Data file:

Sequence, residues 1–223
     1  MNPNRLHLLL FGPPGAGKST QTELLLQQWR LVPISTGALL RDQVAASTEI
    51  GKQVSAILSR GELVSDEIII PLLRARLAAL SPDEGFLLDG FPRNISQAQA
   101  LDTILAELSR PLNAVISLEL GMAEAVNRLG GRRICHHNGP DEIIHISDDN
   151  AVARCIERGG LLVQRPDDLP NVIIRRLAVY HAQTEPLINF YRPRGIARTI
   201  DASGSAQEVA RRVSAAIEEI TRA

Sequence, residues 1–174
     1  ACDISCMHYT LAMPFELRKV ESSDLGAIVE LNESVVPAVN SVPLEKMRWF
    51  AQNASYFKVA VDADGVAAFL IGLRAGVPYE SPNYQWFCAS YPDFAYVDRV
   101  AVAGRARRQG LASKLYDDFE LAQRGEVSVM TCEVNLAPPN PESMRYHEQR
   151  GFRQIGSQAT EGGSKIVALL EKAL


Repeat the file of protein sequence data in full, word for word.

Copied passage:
Sequence, residues 1–223
     1  MNPNRLHLLL FGPPGAGKST QTELLLQQWR LVPISTGALL RDQVAASTEI
    51  GKQVSAILSR GELVSDEIII PLLRARLAAL SPDEGFLLDG FPRNISQAQA
   101  LDTILAELSR PLNAVISLEL GMAEAVNRLG GRRICHHNGP DEIIHISDDN
   151  AVARCIERGG LLVQRPDDLP NVIIRRLAVY HAQTEPLINF YRPRGIARTI
   201  DASGSAQEVA RRVSAAIEEI TRA

Sequence, residues 1–174
     1  ACDISCMHYT LAMPFELRKV ESSDLGAIVE LNESVVPAVN SVPLEKMRWF
    51  AQNASYFKVA VDADGVAAFL IGLRAGVPYE SPNYQWFCAS YPDFAYVDRV
   101  AVAGRARRQG LASKLYDDFE LAQRGEVSVM TCEVNLAPPN PESMRYHEQR
   151  GFRQIGSQAT EGGSKIVALL EKAL